Control Jivelite by rotary encoders and buttons
mini11 13 July 2022 pCP 7.0.0 Projects jivelite • sbpd • rotary encoders • pushbuttons
Your display has no touch function and you want to control jivelite by hardware? Here is the solution.
How to control Jivelite by rotary encoders and pushbuttons.
Thanks to chill for the
sbpd-script.sh script (pirate-audio amp).
- You can simply control jivelite by adding rotary encoders and/or pushbuttons to the GPIO’s of your Raspberry Pi.
What we need
- A running piCorePlayer with Jivelite installed and a display connected to your Raspberry Pi
- Some pushbuttons (normally open)
- One or two rotary encoders (for this purpose, do not use encoders with power supply!)
- Some jumper wires (female to bare wires)
- Soldering iron, solder
- Some heat shrink tubes
sbpd-script.shhandles with Jivelite key commands. Knowledge of these commands is an advantage.
For a complete list of Jivelite key commands—see Jivelite key commands.
- Solder the jumper wires to rotary encoders and/or pushbuttons. Use some heat shrink tubes to get a stable connection and avoid short circuit.
- Wire pushbuttons and rotary encoders as shown here. This example matches with the
If you have connected an I2S DAC, do not use the blue coloured GPIO’s. The red GPIO’s are reserved if there is an SPI display on CE1. Do not use one GPIO for multiple purposes!
Step 1 - Install extensions
- Bring up the pCP web interface.
- On [Main Page] scroll down to “Additional functions” and click on the [Extensions] button. Wait for green ticks.
- Click on the [Available] tab, in the “Available extensions in the piCorePlayer repository” section.
- Load the
- Load the
- Check if the
pigpio.tczis installed. If not, load the
Step 2 - Make a spbd-script.sh
- Login to your RPi via ssh (software=putty – user: tc, password: piCore) and enter the following command:
sudo nano /home/tc/sbpd-script.sh
- Copy the following text and paste it into an empty file:
#!/bin/sh # start pigpiod daemon pigpiod -t 0 -f -l -s 10 # wait for pigpiod to initialize - indicated by 'pigs t' exit code of zero count=10 # approx time limit in seconds while ! pigs t >/dev/null 2>&1 ; do if [ $((count--)) -le 0 ]; then printf "\npigpiod failed to initialize within time limit\n" exit 1 fi # printf "\nWaiting for pigpiod to initialize\n" sleep 1 done printf "\npigpiod is running\n" # load uinput module - required to be able to send keystrokes # then set the permission to group writable, so you don't need to run sbpd with root permissions sudo modprobe uinput sudo chmod g+w /dev/uinput # The full list of Jivelite key commands can be found here: # https://github.com/ralph-irving/tcz-lirc/blob/master/jivekeys.csv # button 1 # button-section, defines the GPIO and key-commands SW1=5 # GPIO (BCM, not Board) SH1=KEY:KEY_1 # key-command for SHORT press (here: preset 1) LO1=KEY:KEY_2 # key-command for LONG press (here: preset 2) LMS1=250 # milliseconds for long press # button 2 SW2=6 SH2=KEY:KEY_3 LO2=KEY:KEY_4 LMS2=250 # button 3 SW3=13 SH3=KEY:KEY_5 LO3=KEY:KEY_6 LMS3=250 # button rotary 1 SW4=17 SH4=KEY:KEY_SPACE # key-command for SHORT press(play/pause) LO4=KEY:KEY_LEFTBRACE # key-command for LONG press(special menu) LMS4=250 # button rotary 2 SW5=12 SH5=KEY:KEY_ENTER # key-command for SHORT press(enter, OK) LO5=KEY:KEY_ESC # key-command for LONG press(back) LMS5=250 # CMD="sbpd -v -f /home/tc/sbpd_commands.cfg \ CMD="sbpd -v \ b,$SW1,$SH1,2,0,$LO1,$LMS1 \ # b=button, $SW1=switchnumber of button-section b,$SW2,$SH2,2,0,$LO2,$LMS2 \ b,$SW3,$SH3,2,0,$LO3,$LMS3 \ b,$SW4,$SH4,2,0,$LO4,$LMS4 \ b,$SW5,$SH5,2,0,$LO5,$LMS5 \ e,22,27,VOLU,2 \ # e=encoder, 22 and 27 are GPIO e,23,24,KEY:KEY_UP-KEY_DOWN,4 " # e=encoder, 23 and 24 are GPIO echo $CMD $CMD > /dev/null 2>&1 &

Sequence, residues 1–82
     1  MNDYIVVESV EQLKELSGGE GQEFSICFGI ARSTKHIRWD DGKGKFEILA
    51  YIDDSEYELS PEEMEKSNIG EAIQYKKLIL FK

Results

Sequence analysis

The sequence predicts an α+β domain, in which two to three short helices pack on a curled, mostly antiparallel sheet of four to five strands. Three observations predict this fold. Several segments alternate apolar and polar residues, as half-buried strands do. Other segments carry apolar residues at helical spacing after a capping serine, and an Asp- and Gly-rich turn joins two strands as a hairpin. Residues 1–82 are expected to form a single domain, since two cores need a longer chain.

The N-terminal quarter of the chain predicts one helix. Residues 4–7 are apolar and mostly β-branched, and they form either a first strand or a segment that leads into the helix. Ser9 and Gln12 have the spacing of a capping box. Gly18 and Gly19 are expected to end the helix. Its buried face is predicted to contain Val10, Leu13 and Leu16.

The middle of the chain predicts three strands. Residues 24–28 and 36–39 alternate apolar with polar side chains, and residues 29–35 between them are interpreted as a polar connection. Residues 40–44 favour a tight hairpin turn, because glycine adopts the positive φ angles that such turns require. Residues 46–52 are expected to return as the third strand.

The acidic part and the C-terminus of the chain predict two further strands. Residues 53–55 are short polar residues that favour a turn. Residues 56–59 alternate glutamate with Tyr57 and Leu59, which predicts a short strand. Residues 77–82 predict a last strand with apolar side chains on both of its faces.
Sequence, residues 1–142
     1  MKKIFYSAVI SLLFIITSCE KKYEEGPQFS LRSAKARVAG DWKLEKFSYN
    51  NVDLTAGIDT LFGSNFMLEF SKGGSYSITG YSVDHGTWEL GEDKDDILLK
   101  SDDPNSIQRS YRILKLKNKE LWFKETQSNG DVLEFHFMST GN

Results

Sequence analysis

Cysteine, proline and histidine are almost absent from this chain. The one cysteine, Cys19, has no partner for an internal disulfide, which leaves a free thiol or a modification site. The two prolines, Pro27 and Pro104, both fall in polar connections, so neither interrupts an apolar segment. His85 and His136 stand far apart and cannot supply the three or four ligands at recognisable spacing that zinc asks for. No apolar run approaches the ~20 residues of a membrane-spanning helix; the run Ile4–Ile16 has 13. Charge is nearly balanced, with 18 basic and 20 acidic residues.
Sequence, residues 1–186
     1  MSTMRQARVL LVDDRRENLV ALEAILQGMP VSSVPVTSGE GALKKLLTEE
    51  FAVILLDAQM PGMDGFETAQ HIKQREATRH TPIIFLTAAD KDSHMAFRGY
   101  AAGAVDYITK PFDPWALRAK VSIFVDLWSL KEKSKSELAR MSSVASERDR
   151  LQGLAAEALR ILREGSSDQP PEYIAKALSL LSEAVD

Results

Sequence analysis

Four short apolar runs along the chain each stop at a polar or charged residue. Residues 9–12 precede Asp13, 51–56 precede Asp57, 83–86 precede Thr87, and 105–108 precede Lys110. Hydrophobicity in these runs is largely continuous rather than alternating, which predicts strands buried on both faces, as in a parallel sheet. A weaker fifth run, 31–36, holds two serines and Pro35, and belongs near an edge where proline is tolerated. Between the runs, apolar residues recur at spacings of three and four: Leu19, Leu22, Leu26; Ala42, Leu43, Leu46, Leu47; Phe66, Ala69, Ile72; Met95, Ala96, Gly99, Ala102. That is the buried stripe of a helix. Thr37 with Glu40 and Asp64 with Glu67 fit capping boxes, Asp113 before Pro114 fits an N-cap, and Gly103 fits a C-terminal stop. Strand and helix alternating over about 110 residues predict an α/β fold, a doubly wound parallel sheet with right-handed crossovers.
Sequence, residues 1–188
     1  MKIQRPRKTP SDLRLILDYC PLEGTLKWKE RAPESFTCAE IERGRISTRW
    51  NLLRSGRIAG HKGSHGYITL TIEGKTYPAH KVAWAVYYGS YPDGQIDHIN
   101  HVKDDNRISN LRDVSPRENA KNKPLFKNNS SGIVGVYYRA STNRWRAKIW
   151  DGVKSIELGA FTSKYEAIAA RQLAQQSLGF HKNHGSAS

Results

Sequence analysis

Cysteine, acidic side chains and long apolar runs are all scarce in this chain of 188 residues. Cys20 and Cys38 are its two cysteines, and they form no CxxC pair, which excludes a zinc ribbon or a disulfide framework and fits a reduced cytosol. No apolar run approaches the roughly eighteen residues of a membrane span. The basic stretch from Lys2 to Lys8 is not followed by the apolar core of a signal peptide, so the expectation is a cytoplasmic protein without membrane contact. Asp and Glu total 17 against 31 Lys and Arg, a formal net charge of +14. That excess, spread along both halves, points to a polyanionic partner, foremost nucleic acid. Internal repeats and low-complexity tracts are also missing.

- Save your changes and exit nano (Ctrl+X and confirm by pressing y).
sudo chmod +x /home/tc/sbpd-script.sh
Step 3 - User command in pCP web-gui
- Go to pCP web interface and click [Tweaks] tab.
- Scroll to section User commands and add
- to user command #1 (bottom of the ‘Tweaks’ page), then click [Save].
- That’s it. After a reboot, your rotary encoders and pushbuttons should work as expected.
- The script is an example. You can change the GPIO’s in “button sections” for your purpose.
- For rotary encoders, edit the GPIO’s in the command section of the
- If your rotary encoders work in wrong direction, swap the GPIO wiring.
- Most rotary encoders have a pushbutton. You can use it to trigger a key command.
- The numbers after SW1 – SW 5= are the GPIO of your RPi (see wiring table above).
- Every button triggers two jive actions (short and long press, SH and LO).
- The quantity of buttons is only limited by quantity of available GPIO’s.
- The key command KEY:KEY_1 triggers a preset. For that purpose, you need to add presets in LMS Web interface for this player (settings/player/presets).
- Only commands by rotary? Do not use Grid Skins. They need additional left/right key commands.
- Add a 1.54 inch Display
- Download piCorePlayer
- Burn piCorePlayer onto a SD card
- Determine your piCorePlayer IP address
- Access piCorePlayer via ssh
- Edit config.txt
- piCorePlayer aliases
- piCorePlayer CLI
- Basic vi commands
- Raspberry Pi config.cfg
- Waveshare 4.1 TFT + piCorePlayer + Jivelite
- Documentation / fb / fbcon.txt
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